New Hospitality Insights, Opportunities, and Optimism | By Scott Dahl – Hospitality Net – Hospitality Net

It is interesting to notice how every economic downturn generates tremendous opportunities for growth. You need only to look at the downturn following 9/11, SARS and the 2008 market crash to see how “survival of the fittest” conditions lead to immense innovation supported by technology.
On a micro level, if I look at my own LinkedIn profile, I can see that the times when my career took off were immediately following economic slowdowns.
There are differences in the recovery rates for hospitality “post-COVID”, with a stronger rebound in leisure than in corporate travel. The frequency of business trips is likely to be more strictly controlled and assessed against bottom line cost, carbon footprint and how well tech platforms can be substituted.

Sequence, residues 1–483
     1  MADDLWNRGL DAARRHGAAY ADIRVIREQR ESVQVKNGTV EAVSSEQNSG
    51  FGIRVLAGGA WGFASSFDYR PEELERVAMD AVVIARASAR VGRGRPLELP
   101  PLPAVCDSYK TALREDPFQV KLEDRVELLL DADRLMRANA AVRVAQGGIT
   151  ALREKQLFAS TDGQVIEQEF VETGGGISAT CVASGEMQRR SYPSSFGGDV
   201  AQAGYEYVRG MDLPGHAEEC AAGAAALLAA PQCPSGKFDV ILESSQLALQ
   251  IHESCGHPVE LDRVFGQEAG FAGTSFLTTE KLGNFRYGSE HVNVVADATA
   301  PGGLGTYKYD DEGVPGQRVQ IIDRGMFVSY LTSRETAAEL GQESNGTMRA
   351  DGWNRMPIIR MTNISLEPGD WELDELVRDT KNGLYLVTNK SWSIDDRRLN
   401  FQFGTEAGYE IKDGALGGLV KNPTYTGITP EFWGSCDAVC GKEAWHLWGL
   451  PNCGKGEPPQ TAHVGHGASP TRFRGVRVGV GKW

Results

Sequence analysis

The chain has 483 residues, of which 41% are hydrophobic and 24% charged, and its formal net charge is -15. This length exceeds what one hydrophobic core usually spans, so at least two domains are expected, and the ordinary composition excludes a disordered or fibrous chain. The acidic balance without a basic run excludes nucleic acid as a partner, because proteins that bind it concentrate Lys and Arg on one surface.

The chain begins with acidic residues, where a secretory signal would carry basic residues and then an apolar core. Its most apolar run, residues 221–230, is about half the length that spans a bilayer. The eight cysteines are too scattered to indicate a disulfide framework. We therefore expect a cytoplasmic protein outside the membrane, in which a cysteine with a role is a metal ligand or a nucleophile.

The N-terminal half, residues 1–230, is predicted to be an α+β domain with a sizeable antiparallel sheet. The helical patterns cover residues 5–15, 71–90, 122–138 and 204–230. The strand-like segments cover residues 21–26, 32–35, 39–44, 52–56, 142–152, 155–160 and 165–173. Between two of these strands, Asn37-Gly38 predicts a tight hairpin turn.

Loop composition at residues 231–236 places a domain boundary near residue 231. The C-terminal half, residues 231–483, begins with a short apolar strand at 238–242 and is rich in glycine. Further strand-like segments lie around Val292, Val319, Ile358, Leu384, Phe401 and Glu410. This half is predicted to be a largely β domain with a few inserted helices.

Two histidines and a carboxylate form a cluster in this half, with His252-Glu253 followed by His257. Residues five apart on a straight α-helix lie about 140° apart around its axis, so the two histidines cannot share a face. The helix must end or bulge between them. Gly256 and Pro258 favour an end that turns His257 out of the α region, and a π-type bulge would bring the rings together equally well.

McKinsey has identified four key segments in the return to corporate travel: The “never left”, “never returning”, “fear of missing out” (FOMO) and “wait and see” segments. The purpose and distance of trips also affects the recovery rates within each segment, with domestic travel recovering more quickly than international travel. The FOMO segment, which is responsible for more than half of business travel, will likely be the key contributor to a rebound.